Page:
On May 18, 2017 in Hanoi, Oxfam published the list of 15 “tax haven”. Mr. Francis Weygiz, Senior Advisor on Taxation of Oxfam said that Vietnam should restrict the application of preferential forms on the tax exemption and reduction time, because these forms will reduce the highest revenue collection.
Accordingly, the list of 15 “tax haven” includes: Bermuda, Cayman Islands, Netherlands, Switzerland, Singaopre, Ireland, Luxembourg, Curacao, Hong Kong, Cyprus, Bahamas, Jersey, Barbados, Mauritius, British Virgin Islands (Oxfam based on three criteria: Corporate income tax, tax incentives and international cooperation on anti- tax avoidance).
According to Oxfam, 90% of the largest companies in the world are opening their branches in at least one tax haven. Through this way, the tax rate of the 50 largest multinational corporations in the United States must pay only 25.9%, less than 10% of the tax rate regulated by the United States’ law.
As reported by Oxfam, the large multinational corporations are using their political power and financial resources to avoid taxation.
In the United States, one of the current Tax loopholes is that the US Securities and Exchange Commission requires companies to declare “major branches” (accounting for more than 10% of total assets, or more than 10% total revenue). When comparing the list of branches reported to the Securities and Exchange Commission to the lists were reported to Fed, Oxfam found that on average, each company reported fewer than 89 branches. The branches were not reported which could be in the “tax haven” such as: Panama, the Bahamas, or Cayman Islands, helping companies avoid paying billions of dollars in taxes.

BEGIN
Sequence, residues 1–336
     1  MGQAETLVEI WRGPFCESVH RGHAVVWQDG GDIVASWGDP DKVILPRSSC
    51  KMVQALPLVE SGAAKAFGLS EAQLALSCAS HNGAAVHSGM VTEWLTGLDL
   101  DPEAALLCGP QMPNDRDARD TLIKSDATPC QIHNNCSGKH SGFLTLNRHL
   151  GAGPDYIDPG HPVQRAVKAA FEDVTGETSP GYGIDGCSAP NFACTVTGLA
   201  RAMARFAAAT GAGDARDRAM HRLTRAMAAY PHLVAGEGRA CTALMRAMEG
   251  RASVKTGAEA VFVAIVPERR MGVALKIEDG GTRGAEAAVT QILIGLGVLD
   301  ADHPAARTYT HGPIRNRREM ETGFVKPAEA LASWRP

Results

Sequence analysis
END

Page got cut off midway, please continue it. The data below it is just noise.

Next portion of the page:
Furthermore, while banks reported high profits in tax havens but reported in losses elsewhere. Oxfam gives an example of a major bank in Germany when declaring low profit or loss in key markets in 2015, while reporting nearly 2 billion euros of profit in tax havens.
In parallel with the tax avoidance of the multinational corporations, the developed countries are applying harmful tax incentives, even reducing corporate income tax to 0%. In order to rebalance tax losses, the countries are applying regressive tax measures (such as VAT) for public services, which increases the tax burden for the small businesses.
Therefore, Oxfam said that tax incentives play an active role in attracting investment or helping a country develops its economy; But if applying regularly the tax incentives, it will be inefficient and costly.
Mr. Francis Weygiz, Senior Advisor on Taxation of Oxfam, said that Viet Nam applied many forms of high and complicated tax incentives in large scale and created tax loopholes. While the investor’s decision hardly depends on preferential policies, these policies have reduced budget revenues.
Therefore, he suggested that Vietnam should establish a measure to collect information and data on tax incentives policies: the number of projects are enjoyed, the project’s contribution to the economy, the amount of reduced revenue collections and need to be published to monitor; analysising cost and benefit before issuing and after applying policies on tax incentives; Reviewing and gathering all tax incentives policies to avoid overlapping and wastefulness and spreading.
In particular, according to Mr. Francis Weygiz, Vietnam should restrict the application of preferential forms on the tax exemption and reduction time, because these forms reduce the highest revenue collection.